Against her better judgment, she had agreed to this additional excursion shortly before leaving the ship. She wished she had time to pick up other clothes. Her suitcases contained feminine, cool-weather duds, perfect for the cruise they had ended this morning, but suitable for a cattle ranch? Not likely.
Dressed in a dark green, long-sleeved shirt and beige palazzo pants, Brie forced herself to endure the suffocating heat and humidity. She pushed her long burnished tresses back from her face and prayed it would be cooler aloft. Why hadn’t her instinct kicked in and goaded her back to The Gallery so she could focus on her artwork? Then she remembered her instinct had advised her to take the Alaska cruise. The trip had given her hope that her emotional wounds had started to heal. Maybe some part of her wanted to accept this further challenge and continue the process.
Matt’s introduction carried an uncompromising tone. "Jed, meet our guest, Brie Beaumont." Had Matt expected Jed’s antagonism?
"Ma’am." Jed nodded, but he didn’t remove his hat or offer his hand.
"I’m pleased we’re meeting after hearing so much about you, Mr. Cameron." She ducked when a large plane thundered its takeoff overhead. She wrinkled her nose at the overpowering smell of jet fuel.
"Don’t believe everythin’ they said. Matthew’s been known to exaggerate and Hank’s not a helluva lot better." He winked at Matt. Hank shrugged his innocence and the pilot grinned.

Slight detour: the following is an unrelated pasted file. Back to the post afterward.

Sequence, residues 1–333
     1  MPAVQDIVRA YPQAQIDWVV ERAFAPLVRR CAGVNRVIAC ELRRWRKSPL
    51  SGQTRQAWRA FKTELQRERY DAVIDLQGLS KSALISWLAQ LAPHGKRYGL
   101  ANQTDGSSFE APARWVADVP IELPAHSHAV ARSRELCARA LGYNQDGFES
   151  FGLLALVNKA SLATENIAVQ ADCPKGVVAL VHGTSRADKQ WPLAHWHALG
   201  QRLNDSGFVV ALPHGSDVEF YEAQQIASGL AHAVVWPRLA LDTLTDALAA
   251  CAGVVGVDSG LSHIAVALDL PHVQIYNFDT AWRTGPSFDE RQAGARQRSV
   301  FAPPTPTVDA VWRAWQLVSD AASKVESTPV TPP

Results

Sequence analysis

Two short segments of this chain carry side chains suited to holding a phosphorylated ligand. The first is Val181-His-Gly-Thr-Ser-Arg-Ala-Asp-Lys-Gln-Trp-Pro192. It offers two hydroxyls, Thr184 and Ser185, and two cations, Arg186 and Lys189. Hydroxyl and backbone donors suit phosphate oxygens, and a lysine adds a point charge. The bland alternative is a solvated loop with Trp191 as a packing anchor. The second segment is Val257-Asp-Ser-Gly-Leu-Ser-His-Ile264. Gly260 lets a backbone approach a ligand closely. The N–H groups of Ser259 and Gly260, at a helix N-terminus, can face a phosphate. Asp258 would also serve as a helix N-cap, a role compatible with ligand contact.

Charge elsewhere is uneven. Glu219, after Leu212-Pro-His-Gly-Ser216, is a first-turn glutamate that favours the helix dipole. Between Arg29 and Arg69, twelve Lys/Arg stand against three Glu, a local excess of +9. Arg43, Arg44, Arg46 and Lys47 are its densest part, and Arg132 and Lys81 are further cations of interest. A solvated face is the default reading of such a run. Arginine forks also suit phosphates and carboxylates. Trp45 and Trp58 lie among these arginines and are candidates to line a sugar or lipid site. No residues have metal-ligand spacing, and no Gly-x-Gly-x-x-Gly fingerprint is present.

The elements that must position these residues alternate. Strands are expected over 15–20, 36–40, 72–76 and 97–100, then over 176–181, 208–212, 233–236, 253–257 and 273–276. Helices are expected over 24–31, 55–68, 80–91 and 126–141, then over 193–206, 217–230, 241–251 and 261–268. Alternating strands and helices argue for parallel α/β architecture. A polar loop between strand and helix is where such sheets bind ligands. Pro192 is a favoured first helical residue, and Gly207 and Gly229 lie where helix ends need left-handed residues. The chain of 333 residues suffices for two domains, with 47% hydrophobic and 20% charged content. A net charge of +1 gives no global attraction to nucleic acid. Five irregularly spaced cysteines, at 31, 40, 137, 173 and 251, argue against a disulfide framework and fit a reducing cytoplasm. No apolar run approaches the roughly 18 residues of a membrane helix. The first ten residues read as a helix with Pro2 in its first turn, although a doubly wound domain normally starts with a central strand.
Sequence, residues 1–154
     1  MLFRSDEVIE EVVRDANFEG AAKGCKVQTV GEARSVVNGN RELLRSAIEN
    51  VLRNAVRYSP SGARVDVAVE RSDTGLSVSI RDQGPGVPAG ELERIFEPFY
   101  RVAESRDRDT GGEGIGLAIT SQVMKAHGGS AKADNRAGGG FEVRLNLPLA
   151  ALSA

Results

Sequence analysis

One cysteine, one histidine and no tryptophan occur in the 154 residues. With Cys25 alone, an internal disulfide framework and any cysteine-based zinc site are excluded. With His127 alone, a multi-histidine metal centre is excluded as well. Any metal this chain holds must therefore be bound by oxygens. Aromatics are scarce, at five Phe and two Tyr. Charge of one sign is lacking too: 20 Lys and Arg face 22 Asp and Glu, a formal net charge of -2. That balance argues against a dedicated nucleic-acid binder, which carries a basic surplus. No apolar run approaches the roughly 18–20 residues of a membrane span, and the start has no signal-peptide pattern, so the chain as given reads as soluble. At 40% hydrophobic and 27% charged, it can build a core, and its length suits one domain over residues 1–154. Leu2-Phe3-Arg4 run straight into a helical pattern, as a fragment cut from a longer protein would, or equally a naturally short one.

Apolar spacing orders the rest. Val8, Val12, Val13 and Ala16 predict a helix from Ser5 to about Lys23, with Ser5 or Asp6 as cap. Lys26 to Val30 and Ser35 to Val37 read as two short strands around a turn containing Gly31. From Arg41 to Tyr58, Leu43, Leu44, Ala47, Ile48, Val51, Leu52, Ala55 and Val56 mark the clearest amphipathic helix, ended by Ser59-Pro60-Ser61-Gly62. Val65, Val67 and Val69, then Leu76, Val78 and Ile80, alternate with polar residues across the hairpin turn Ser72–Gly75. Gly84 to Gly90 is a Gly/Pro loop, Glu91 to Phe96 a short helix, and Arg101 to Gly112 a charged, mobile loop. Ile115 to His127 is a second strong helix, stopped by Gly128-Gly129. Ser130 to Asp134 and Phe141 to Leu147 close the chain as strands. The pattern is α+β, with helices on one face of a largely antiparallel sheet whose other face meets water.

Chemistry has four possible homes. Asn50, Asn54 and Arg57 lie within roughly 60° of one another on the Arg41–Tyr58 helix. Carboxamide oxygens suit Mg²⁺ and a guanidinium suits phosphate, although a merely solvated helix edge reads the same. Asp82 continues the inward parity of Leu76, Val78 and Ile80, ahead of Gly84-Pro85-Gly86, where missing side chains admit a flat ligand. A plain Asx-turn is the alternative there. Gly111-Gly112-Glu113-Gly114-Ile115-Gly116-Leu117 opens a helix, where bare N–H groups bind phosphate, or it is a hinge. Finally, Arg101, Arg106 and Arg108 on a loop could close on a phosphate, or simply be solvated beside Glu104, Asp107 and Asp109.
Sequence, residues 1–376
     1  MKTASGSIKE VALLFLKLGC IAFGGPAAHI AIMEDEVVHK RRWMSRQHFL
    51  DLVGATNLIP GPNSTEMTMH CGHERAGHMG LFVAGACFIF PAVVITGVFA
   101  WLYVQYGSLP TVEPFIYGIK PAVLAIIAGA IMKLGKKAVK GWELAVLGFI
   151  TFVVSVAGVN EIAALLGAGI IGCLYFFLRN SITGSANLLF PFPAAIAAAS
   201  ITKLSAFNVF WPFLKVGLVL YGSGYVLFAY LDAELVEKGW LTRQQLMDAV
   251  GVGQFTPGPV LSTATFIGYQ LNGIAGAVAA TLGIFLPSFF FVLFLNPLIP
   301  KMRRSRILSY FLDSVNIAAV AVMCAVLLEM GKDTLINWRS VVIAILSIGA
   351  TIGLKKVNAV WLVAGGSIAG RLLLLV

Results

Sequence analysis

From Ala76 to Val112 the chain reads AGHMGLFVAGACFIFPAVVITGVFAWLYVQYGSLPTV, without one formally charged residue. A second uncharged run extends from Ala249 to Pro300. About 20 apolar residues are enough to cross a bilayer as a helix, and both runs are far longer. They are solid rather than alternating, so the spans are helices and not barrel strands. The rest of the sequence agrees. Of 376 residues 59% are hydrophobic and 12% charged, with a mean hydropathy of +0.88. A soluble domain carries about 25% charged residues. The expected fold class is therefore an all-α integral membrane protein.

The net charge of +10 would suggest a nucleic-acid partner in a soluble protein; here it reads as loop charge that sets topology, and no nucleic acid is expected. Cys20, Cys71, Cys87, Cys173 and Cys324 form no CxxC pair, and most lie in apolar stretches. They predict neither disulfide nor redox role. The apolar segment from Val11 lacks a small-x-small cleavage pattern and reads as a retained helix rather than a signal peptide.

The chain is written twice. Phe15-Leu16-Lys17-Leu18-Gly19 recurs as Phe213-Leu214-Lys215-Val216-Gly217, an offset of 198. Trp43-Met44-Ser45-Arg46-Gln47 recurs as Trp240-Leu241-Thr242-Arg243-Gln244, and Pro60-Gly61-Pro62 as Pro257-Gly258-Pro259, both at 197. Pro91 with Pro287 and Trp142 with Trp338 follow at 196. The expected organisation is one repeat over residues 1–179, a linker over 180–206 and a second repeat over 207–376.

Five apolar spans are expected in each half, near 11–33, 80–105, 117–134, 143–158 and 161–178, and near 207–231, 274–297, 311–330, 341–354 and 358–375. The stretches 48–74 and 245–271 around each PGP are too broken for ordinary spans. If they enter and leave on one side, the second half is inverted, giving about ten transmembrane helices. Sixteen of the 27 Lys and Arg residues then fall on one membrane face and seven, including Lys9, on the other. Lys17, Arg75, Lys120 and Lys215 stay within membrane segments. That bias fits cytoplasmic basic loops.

Trying to appear unperturbed, Brie extended her hand. She glanced up at Jed’s face and wondered if the man would refuse to shake it. Was his rudeness a bluff or her imagination running rampant? He took the bait with obvious reluctance, but his grasp was firm, too firm. She was glad the handshake didn’t last long because her fingers stung from his tight squeeze, a deliberate show of power. If he thought he impressed her by his display of strength, he was wrong--she’d had enough strong-armed tactics used against her to last a lifetime.
"I’m really glad Brie is going to be staying at the ranch, Jed," Matt said. "She guided me around the ship when Hank was seasick. I think she deserves a longer vacation since I took up so much of her time."
Brie reached down and patted Matt’s hand. "It was a pleasure to help you enjoy the scenery, Matt. It forced me to look at the landscape in more detail so I could describe it to you. I felt like I was seeing everything through your eyes and that made it extraordinary."
"If you two are through fawnin’ over each other, we’ll get underway," Jed muttered. "There’s a lot of work waitin’ and we’re burnin’ daylight, Miss Beaumont."